[Blink] Blink stores plain word passwords in its config file?

Dan Pascu dan at ag-projects.com
Wed Nov 24 16:26:07 CET 2010

On 24 Nov 2010, at 17:18, Tomasz Muszynski wrote:

> Wiadomość napisana przez Dan Pascu w dniu 2010-11-24, o godz. 15:58:
>> On 24 Nov 2010, at 12:01, Juha Heinanen wrote:
>>> Dan Pascu writes:
>>>> It will not matter if the password is encrypted or not. All it  
>>>> takes
>>>> is a print in the blink code after blink has decoded the encrypted
>>>> password. The only way to prevent this is if the password is not
>>>> stored but blink asks for it every time, so you need the actual  
>>>> owner
>>>> to input it before it will be known. But even this will not  
>>>> guarantee
>>>> you security, since someone may stole it while blink is already
>>>> running or may not stole your system at all, but he will just  
>>>> modify
>>>> the software to log the typed password to a file.
>>> dan,
>>> looks like you didn't read my message carefully, because i tried  
>>> to tell
>>> the same points.  if password is not in config file, blink should  
>>> ask
>>> for it each time blink starts. that would protect the password  
>>> unless
>>> blink was running when the system was lost.
>> Of course. Maybe I didn't convey my message clearly enough. Doing  
>> this will help you in those cases but it is still powerless when  
>> someone else has access to your computer and logs the password as  
>> soon as you type it (by modifying the code). Unfortunately there is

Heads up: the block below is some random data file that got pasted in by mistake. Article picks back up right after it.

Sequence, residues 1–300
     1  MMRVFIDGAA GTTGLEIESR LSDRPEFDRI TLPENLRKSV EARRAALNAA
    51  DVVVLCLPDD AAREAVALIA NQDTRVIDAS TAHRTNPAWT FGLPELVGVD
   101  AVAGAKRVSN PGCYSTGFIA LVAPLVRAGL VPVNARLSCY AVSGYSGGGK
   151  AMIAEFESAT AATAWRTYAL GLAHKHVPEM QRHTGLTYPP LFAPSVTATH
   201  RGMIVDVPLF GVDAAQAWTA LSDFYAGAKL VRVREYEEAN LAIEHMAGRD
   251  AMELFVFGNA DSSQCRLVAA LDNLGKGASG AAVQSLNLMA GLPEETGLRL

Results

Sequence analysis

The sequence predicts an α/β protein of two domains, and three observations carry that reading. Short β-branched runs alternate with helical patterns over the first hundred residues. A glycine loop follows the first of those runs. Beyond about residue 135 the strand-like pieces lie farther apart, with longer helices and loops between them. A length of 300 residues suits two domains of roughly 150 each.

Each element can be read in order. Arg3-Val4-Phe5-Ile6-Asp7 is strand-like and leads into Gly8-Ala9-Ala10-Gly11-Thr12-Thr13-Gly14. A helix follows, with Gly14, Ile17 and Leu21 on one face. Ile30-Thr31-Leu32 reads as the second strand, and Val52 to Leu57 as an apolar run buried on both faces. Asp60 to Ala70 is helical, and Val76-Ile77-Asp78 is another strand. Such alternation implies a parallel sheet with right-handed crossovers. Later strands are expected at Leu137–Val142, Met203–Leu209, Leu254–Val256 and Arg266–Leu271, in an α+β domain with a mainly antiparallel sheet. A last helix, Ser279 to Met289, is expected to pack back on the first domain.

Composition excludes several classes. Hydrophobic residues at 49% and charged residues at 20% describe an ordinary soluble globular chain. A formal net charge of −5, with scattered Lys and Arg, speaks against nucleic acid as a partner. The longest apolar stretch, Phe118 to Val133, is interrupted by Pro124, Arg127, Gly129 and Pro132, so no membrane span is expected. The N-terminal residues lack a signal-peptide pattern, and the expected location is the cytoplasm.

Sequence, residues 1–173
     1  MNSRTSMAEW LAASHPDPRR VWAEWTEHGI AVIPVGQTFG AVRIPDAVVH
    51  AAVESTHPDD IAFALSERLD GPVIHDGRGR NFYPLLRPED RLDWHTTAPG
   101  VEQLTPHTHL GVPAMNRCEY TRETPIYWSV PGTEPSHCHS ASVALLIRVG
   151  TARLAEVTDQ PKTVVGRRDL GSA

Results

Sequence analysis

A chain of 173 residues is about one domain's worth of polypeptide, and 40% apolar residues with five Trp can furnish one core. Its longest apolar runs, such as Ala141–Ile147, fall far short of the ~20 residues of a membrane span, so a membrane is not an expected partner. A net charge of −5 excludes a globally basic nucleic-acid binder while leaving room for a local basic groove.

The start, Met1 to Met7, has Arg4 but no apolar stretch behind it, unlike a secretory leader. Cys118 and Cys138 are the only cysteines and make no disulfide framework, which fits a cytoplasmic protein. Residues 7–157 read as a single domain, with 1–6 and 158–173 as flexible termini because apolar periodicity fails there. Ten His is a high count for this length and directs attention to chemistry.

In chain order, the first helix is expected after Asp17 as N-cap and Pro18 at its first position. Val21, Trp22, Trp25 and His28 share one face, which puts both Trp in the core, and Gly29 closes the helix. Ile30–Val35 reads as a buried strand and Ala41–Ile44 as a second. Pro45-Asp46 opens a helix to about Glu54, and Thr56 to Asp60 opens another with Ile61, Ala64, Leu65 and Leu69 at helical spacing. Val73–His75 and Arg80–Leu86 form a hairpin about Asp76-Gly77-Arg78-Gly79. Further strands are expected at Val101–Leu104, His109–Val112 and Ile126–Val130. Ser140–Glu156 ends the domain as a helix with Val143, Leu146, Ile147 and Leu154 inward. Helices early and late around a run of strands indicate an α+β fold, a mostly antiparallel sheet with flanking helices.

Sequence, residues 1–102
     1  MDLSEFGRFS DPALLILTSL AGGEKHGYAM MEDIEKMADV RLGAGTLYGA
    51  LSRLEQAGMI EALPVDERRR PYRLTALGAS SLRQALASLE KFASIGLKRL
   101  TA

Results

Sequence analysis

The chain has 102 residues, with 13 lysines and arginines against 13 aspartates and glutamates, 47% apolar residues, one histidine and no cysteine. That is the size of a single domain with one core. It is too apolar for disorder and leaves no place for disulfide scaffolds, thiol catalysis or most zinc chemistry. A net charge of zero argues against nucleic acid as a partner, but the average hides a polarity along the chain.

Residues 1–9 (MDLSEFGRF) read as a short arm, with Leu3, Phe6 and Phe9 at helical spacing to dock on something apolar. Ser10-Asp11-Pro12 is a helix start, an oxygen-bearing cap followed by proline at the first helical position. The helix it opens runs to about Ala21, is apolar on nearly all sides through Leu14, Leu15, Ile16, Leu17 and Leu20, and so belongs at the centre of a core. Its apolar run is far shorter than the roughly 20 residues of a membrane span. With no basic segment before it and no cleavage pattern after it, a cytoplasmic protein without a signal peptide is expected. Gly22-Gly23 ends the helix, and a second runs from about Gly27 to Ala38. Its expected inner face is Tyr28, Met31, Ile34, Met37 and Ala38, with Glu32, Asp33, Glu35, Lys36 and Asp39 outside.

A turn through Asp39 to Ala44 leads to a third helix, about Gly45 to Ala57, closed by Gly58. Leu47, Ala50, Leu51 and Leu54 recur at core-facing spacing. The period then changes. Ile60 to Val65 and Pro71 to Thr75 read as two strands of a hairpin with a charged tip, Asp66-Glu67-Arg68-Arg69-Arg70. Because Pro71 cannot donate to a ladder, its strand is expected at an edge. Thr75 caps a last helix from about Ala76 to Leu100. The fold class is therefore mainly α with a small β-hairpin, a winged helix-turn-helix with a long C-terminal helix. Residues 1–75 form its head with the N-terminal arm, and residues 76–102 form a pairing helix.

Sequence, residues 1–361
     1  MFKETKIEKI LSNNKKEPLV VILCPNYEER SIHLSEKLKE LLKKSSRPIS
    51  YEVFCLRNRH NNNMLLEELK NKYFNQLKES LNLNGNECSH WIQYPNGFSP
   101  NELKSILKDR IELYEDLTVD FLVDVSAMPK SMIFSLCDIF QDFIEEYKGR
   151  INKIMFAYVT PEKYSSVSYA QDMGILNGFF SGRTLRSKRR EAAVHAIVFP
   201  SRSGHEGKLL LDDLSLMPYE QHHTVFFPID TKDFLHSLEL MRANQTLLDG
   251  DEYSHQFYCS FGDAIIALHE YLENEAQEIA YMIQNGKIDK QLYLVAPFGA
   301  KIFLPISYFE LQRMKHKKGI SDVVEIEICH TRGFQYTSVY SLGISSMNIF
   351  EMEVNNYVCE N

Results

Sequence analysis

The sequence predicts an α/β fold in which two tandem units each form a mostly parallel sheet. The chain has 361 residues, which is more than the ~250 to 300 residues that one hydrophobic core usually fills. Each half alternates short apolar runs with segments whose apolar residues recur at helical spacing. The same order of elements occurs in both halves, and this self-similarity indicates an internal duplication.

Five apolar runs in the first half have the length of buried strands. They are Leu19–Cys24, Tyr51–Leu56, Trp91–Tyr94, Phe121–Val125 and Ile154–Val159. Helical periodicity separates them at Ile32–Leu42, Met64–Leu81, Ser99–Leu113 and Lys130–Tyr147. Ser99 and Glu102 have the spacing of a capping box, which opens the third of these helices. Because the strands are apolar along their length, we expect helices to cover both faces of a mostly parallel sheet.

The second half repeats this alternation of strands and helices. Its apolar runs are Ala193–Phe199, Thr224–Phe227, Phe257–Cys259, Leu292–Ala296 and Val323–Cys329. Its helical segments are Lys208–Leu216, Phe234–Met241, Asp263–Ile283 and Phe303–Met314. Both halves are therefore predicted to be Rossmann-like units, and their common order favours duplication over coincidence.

>> no foolproof method that protects one in every possible case.
>> IMO, the simplest and most secure solution is to encrypt your  
>> filesystem. You only type a master password once when you boot your  
>> system, instead to type a master password for every application you  
>> run. Plus it protects all your files not just a config file of a  
>> certain application.
> Filesystem encryption protects only in case of computer theft.

That's what I said. But that's also the most concerning issue,  
considering that a personal computer is well, personal. The other  
people who usually have access to it are trusted and if not that's why  
you have different users. Are you telling me that you voluntarily give  
your computers to people whom you do not trust and you fear they may  
stole information from it, yet you still give them full access to your  
user account that contains that information?

And BTW, there are solutions to to encrypt you own files as a user,  
not just the whole filesystem. Anyway we digress.


More information about the Blink mailing list